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In Focus

How to Write Quality, Compelling Copy for Enhanced Product Content Pages

Mar 3, 2020 12:45:43 PM

20-KRE-2262 March Blog 1_EPC_How to Write Quality Copy BLOG PROMOS

The modern consumer exists in a saturated, competitive marketplace. One breeze through the Amazon app reveals the mind-boggling number of brands that produce the same products.

That means there’s a lot of noise. It’s a marketplace that includes online and on-demand options, in addition to a traditional brick-and-mortar experience. As we all know, if the shopper wants to buy something, she has the power to do so right at her fingertips, without leaving the house.

But the key part is: who gets that sale, and why?

The answer has a lot to do with content and how it’s written. While consumers may not be able to differentiate between brands based on content, they can differentiate based on one simple premise: “does this product give me what I’m looking for?” And, by and large, that circles back to content—especially quality copy for enhanced product content (EPC) on Amazon and other e-commerce platforms. 

Whether or not you’re prepared for the influx of shoppers and ready to meet their demands will go a long way toward determining if you can sell products online. In this blog, we’re going to discuss how the written copy on your EPC pages helps you stay above the fray, and move your customers closer to a buying decision.

Essential copy elements

The shopper has more choices than ever.

And as technology has evolved, the way to approach content has similarly changed. Let’s start with product messaging: the way you talk about, describe, and showcase products must be consistent across all sales platforms, whether that’s on Amazon, Walmart, or another major retailer’s site. Consistent and compelling messaging is the key, as it helps brands (especially those with a wide variety of products) cut through the noise and cut to the chase. 

Be brief, but bold 

When your messaging is clear and concise, you’re able to focus less on filler content and spend more time on what matters: talking about the best features and attributes of your products. 

Here’s an example of the Ninja® Foodi™, featured on Amazon:

Screen Shot 2020-03-02 at 11.06.42 AM

Now, a Walmart PDP for the same product:

Screen Shot 2020-03-02 at 11.07.12 AM

The first thing you notice is (aside from the differing layouts of the product pages) that the content isn’t consistent. Are the same features talked about? Yes. But the Amazon EPC is markedly different—Ninja® is directly addressing how these features benefit the customer. The Walmart product content is a collection of bullet points with little context or elaboration. Guess which one provides the consumer with greater reason to buy?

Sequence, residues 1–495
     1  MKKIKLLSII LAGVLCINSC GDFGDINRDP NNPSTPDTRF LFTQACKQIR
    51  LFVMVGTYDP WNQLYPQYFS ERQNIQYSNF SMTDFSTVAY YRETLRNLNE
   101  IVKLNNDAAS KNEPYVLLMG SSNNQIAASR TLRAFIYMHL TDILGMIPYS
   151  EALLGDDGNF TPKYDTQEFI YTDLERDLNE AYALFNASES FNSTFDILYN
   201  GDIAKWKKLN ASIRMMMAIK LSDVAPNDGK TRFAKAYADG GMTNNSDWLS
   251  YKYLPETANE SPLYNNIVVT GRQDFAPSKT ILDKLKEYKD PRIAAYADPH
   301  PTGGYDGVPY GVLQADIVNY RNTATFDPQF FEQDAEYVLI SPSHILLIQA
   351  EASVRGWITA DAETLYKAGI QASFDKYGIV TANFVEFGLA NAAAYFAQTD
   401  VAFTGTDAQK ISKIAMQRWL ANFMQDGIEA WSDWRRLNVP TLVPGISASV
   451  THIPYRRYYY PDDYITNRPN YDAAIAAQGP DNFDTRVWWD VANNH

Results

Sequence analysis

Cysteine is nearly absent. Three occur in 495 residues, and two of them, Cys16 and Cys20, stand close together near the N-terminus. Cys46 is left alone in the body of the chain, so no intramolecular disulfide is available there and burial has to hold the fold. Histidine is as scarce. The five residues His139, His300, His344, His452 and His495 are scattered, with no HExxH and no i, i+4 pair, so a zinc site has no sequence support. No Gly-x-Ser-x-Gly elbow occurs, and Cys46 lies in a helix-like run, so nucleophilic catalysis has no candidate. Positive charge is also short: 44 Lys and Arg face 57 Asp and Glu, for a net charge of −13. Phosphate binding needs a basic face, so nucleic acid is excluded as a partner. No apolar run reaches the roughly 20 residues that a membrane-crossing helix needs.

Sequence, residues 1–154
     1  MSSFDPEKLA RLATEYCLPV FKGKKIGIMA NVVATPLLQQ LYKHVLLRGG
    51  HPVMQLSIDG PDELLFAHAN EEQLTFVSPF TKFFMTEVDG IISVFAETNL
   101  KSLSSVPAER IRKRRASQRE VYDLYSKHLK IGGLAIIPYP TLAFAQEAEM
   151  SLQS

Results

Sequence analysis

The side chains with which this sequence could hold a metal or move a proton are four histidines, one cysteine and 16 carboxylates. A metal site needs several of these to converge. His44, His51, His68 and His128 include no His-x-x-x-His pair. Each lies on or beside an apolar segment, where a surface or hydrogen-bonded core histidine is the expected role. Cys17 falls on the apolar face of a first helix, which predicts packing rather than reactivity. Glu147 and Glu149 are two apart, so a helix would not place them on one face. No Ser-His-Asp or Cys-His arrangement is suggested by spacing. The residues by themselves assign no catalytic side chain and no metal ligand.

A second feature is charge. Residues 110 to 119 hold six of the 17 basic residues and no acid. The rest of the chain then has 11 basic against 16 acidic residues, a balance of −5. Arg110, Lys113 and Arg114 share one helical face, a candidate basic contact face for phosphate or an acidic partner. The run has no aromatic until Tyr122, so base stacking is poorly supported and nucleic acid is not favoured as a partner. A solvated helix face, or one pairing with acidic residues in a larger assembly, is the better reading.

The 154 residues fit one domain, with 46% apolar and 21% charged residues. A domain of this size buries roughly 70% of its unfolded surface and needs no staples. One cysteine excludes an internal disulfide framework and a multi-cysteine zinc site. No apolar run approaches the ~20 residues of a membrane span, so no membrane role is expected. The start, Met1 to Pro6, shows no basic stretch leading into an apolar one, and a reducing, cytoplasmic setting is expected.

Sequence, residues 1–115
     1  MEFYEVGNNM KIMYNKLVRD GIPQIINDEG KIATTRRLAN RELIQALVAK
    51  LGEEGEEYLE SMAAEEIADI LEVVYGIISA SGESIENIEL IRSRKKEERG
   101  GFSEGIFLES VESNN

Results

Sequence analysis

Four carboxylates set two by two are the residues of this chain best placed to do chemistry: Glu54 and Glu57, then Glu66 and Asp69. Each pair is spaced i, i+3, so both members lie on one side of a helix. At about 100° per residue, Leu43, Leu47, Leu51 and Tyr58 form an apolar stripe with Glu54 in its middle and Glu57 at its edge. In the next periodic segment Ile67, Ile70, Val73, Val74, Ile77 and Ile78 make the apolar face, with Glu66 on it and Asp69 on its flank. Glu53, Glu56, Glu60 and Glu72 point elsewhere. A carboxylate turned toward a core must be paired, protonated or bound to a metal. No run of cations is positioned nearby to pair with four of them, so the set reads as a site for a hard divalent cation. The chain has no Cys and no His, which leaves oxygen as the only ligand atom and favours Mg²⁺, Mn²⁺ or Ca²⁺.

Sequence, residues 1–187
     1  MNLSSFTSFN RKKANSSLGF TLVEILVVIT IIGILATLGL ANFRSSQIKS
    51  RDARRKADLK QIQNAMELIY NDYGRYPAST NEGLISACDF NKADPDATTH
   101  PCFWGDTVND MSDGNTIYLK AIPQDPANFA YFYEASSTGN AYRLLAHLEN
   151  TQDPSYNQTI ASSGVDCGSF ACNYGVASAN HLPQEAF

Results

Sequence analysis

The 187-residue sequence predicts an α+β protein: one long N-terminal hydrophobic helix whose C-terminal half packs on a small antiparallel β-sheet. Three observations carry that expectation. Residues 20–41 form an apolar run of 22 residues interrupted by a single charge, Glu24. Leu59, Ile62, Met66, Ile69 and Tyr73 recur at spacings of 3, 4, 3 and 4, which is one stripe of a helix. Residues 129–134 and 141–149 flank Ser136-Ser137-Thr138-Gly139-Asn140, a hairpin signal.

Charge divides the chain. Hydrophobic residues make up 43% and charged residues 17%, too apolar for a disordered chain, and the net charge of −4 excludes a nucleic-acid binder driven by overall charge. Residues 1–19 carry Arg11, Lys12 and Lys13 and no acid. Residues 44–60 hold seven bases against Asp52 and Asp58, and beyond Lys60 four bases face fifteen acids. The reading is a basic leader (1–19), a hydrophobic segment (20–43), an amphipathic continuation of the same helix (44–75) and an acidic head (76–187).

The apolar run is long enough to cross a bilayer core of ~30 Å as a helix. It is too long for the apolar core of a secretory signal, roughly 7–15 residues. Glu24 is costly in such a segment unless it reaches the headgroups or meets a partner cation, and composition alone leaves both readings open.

Support your copy with strong visuals

If the goal is to get customers excited about the product(s) you’re selling, it has to appear in a practical setting.

Stock imagery or still images of the product on a blank backdrop just aren’t going to cut it. Anyone with an iPhone and a few spare minutes can do that. The game-changer for EPC is to blend content that appeals to the customer visually but also gives them something educational, such as video. With video, you can elaborate on the features described in the copy and show shoppers how those features look and perform. 

An example for the Ninja® Foodi™ is in the Amazon video: the goal of the video is to show (in less than 30 seconds) how easy the product is to use. Each shot is only a few seconds and features one action—a twist, a clip, a tap of a button—to articulate the simplicity of the design.

And guess what? The video’s content links with the product copy. This is how you produce content that helps the product sell itself.

Shift the conversation

One of the most common mistakes we’ve seen is a hyper focus on each detail of a product. Many brands feel that every feature—no matter how significant it may or may not seem—requires its own callout or highlight. The truth of the matter is, shoppers are primarily interested in your product’s most beneficial features.

The best way to shift the tone of your product content is to focus on the benefits of your product and less on its features; this isn’t easy to do (it’s been done one way for a long time), but the payoff is worth it. 

One small caveat: that copy, done properly, is SEO rich with relevant keywords used to describe features and benefits. Mixing true product benefits—that directly apply to the customer—with listings featuring relevant keywords is the sweet spot for EPC pages. 

The last word...

You want customers to feel confident in the product you’re selling. You want them to be convinced that, after reading your EPC, your product is the best option available and solves the problems they want to address. 

“This product DOES this” versus “this product HAS this” makes a world of difference, particularly in a time when shoppers are inundated with options—many of which are speaking the same language but not talking about benefits. Smart, benefit-driven copy offers a huge opportunity for brands to elevate their product content, build more meaningful relationships, and ultimately sell more products.

Rob Mixer

Written by Rob Mixer

Rob Mixer is a digital media professional who works with clients in various industries across the United States. He spent six years with the NHL's Columbus Blue Jackets before venturing into the agency world, and now is a full-time consultant for web, email, social and marketing content.

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